The brown rice we use in our Timberwolf Classic Formulas looks just like the brown rice on your supermarket shelf; it’s clean and looks indistinguishable. The only difference is that it doesn’t have an FDA tag on it. Our oats are of exceptional quality. Higher in linoleic and alpha linoleic acid than locally grown oats because of the cold (probably grown organically as well), and they’re the same oats that are supplied to food processors. Growers don’t have separate fields for dogs and people. The point I’m trying to make is that I have trouble believing that a company would pay five times as much for the same ingredient just to get that FDA sticker. Let me give you an example: I buy a chicken fat from a company that supplies soup manufacturers, etc. If we buy a tanker of fat, it doesn’t have to have an FDA tag and my price is $.11 per pound. If I buy less, it must have an FDA tag and the price goes to $.58 per pound. Same product. That chicken fat is apparently human grade, but I cannot call it that. A lot of my ingredients are human grade, some even certified organic, but at the end of the day, I cannot make the claim “100% human grade” because it ‘s not. Neither can any other company (unless maybe they are charging $2 – $5 per pound).
Another example is that if a truckload (40,000 lbs) of frozen whole broilers were purchased for $.50 per pound, and if a custom chicken meal were produced, it would be exorbitant in cost. Chicken meal is made from chicken meat (usually mechanically de-boned) that is put into a vat and is brought to the proper temperature and pH and then enzymes are added. The meat is broken down into a liquid and either spray-dried or roller-dried into a fine powder. Now go back to the truckload of chickens at $.50 per pound. It takes several pounds of chickens to make one pound of chicken meal. So let us say 7 pounds times $.50 equals $3.50 plus the rendering charge. Let us assume $4.00 per pound, okay? I am using about 50% chicken meal, so $4.00/2 is $2.00+ per pound of dog food, my cost. Just for ingredients. Not including herbs, oils, probiotics etc. Does any of this make sense to some of you?
One natural dog food company uses poultry meal but lists on their ingredient label “chicken meal, turkey meal.” AAFCO allows listing animal meals by particular animal if you know what animal was used in making it. If the meal is made from more than one animal or a composite, you may list all the animals used in making it. What they mean, however, is “chicken/turkey” meal for poultry. If you know the exact percentages, then you may list them where they should appear in order of weight on the label, but you cannot list “chicken meal, turkey meal” as the first two ingredients. Doing so gives the impression that the food is meat-based when in fact it is not.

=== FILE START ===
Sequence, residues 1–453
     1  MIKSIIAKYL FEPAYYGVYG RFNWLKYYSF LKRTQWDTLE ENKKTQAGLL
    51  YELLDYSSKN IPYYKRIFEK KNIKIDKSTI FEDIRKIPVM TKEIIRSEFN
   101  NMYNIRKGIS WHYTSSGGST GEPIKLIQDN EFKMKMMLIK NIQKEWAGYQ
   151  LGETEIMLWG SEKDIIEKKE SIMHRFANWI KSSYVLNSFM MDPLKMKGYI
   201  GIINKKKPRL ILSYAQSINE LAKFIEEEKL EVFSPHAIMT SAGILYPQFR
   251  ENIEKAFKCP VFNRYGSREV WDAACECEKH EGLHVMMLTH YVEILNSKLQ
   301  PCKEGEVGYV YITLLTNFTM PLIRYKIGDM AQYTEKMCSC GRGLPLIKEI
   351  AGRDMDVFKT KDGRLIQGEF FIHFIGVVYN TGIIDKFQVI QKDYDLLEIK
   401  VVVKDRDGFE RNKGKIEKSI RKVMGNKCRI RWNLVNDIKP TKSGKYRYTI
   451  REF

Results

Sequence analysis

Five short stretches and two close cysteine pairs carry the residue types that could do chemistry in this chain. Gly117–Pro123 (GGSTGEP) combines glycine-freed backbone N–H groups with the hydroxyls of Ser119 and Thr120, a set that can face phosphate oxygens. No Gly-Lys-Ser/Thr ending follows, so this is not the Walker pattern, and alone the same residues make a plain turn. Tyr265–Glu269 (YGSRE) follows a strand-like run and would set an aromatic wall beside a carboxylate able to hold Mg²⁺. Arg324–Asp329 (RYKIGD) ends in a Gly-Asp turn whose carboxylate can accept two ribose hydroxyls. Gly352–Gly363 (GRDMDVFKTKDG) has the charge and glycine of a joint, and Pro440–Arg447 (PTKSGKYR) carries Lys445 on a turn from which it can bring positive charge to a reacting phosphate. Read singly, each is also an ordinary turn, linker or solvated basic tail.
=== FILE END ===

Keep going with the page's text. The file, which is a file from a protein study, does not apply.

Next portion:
One question you can ask a dog food company to determine if it’s meat-based or grain-based is, “What percentage of your formula is animal meals?” or “What’s the percentage of protein that is animal-based?” or “How many pounds of animal meals are used per ton of your formula?” They probably will not tell you or say, “That is proprietary.” We use 48 to 52% chicken, lamb or fish meals by weight, or 900 to 1100 pounds per ton! Put another way, 91% of our protein is animal-based. That is meal, not meat. If someone tells you they use 1000 pounds of meat per ton, that is equal to only 200 pounds of chicken meal or ten percent. Another way is to look at the calcium content. Chicken, lamb and meat meals are usually 4 – 5% calcium (Special “classified” low ash meals with lower levels of calcium can be used but are up to 3 times as expensive), so if a company claims to be using 50% animal meals by weight and their calcium is only 1.2% then you know something somewhere does not add up. Or maybe they are using “new” math. The only reason we disclose this is that it’s VERY expensive. Not many other companies will do this, and those that do will have to raise their prices. Of course, someone may tell you they use a high amount. If so, the kibble should be very dark. Our Lamb, Barley and Apples kibble is almost black.
Now that you have read this page, at least you’ll know what is in the food. If I decide to put in goat’s eyes, tongue of wren and pickled fish pan-fried in roasted sesame oil, you’ll know it. None of my formulas contain 4D animals, simple (read: white) carbohydrates, dextrose or other sugars for palatability enhancement, soy, BHT, BHA or Ethoxyquin. We personally have sold and used a lot of specialty and super premium foods and have seen more positive results and heard more positive feedback with this food than any other. I invite you to go to the testimonials page and read some of the testimonials. I hope I have answered some of your questions, but don’t take my word. Call the FDA or AAFCO or some feed ingredient suppliers and see what they say.
-Mark Heyward- Founder of Timberwolf Organics